Facts at a glance

September 2017

The authorities announced that a distinction was to be made between so-called "fake" and "real" plug-in hybrid cars (PHEVs). In particular, "fake" plug-in hybrids purchased after 01/01/2018 would be taxed differently from 2020.

The authorities announced the parameters governing whether a plug-in hybrid is classed as "real" or "fake". A plug-in hybrid is considered to be "fake" if:

  • the battery capacity is less than 0.5 kWh per 100 kg of vehicle weight
    OR
  • CO2 emissions exceed 50 g/km

December 2017

The legislator announced the new tax rules for "fake" plug-in hybrids. The plug-in hybrid's lower CO2 emissions may not be used to determine the tax treatment. Instead, CO2 emissions for a non-hybrid "corresponding" version of the car must be used.

If no corresponding car exists, the "fake" plug-in hybrid's CO2 emissions must be multiplied by 2.5.

September 2019

A little more information was given concerning how to determine the "corresponding model". The legislator also announced the mandatory submission to FPS Finance of a list of corresponding models by manufacturers/importers. The deadline for this is 20/04/2020, previously considered infeasible.

Responisibilities

  • Tax-paying employee or manager:
    No action required.
  • Car manufacturer or importer:
    It is the responsibility of the car manufacturer or, if not located in Belgium, the importer, to compare data from the certificate of conformity for each "fake" plug-in hybrid with data for similar models on the market. They must then use this data to determine the "corresponding" vehicle and submit the necessary technical information to FPS Finance.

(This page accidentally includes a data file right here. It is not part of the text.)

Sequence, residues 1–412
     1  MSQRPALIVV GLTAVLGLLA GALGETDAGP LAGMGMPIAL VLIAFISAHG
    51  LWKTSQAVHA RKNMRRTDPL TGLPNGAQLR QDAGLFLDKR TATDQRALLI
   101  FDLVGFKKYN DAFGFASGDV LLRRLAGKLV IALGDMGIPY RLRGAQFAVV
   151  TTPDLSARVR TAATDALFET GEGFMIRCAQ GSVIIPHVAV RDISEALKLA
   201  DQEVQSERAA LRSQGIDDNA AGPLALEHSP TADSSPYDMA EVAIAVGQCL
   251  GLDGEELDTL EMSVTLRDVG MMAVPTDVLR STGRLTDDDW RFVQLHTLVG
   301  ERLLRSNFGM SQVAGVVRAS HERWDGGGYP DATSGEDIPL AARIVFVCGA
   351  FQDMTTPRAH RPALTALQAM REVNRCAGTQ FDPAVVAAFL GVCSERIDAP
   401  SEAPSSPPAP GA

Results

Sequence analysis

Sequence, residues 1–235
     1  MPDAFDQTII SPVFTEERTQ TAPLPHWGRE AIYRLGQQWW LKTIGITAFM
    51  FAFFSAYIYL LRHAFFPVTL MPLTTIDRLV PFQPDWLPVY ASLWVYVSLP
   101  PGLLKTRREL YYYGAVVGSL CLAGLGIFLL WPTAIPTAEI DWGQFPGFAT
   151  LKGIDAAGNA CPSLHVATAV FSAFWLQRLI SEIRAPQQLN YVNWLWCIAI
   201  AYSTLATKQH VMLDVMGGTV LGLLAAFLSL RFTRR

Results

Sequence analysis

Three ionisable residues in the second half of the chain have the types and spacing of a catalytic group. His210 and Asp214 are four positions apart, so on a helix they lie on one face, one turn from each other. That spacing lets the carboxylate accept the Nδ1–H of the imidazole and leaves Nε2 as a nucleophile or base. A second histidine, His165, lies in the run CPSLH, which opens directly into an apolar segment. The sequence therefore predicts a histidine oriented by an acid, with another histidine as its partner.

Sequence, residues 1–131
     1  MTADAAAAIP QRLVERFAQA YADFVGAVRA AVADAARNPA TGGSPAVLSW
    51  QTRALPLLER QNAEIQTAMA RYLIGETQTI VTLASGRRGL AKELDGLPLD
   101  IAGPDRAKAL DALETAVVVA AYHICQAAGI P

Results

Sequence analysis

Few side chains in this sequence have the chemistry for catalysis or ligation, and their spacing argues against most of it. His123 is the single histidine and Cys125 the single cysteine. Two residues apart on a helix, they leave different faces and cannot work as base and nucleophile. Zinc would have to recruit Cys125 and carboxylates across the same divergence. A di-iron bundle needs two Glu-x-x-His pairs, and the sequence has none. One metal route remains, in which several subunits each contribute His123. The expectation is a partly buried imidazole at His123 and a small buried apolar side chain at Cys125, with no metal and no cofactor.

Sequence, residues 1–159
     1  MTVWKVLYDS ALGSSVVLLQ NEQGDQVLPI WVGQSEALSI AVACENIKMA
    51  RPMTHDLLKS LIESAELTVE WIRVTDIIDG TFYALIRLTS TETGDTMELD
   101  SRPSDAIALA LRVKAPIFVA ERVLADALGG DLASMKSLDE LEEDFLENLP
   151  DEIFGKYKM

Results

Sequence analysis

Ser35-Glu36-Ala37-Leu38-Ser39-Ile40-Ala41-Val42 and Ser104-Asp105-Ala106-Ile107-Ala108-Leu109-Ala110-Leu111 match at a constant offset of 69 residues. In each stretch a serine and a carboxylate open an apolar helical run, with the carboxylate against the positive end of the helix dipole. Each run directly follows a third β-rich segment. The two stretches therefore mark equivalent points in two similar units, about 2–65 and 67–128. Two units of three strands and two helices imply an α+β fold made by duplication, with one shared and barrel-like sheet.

- For newly introduced plug-in hybrids, this must occur at the time of
    the market introduction of the plug-in hybrid.
    - For vehicles already on the market, this must occur by 20/04/2020.
  • FPS Finance:
    FPS Finance provides a list of corresponding vehicles. An updated version will be available on the FPS Finance website as from 20/04/2020. The aim is to inform taxpayers of the tax rules for their current vehicle or one they may be considering buying.

Consequences

As from 1 January 2020, "fake" plug-in hybrids will become more expensive to both employees and employers. This is because the Benefit in Kind and tax deduction are calculated based on the CO2 emissions. The exception to this rule is the CO2 solidarity contribution (CO2 tax). The NSSO has confirmed that this will continue to be calculated based on the "fake" plug-in hybrid's officially certified CO2 emissions. The tax deduction percentage for a plug-in hybrid vehicle (PHEV) is calculated based on the new formula (see car taxation). To determine the tax deduction percentage the CO2 emissions stated on the Certificate of Conformity are taken into account. However, if it is a so-called “fake” PHEV, the CO2 emissions of the corresponding diesel or petrol car must be taken into account.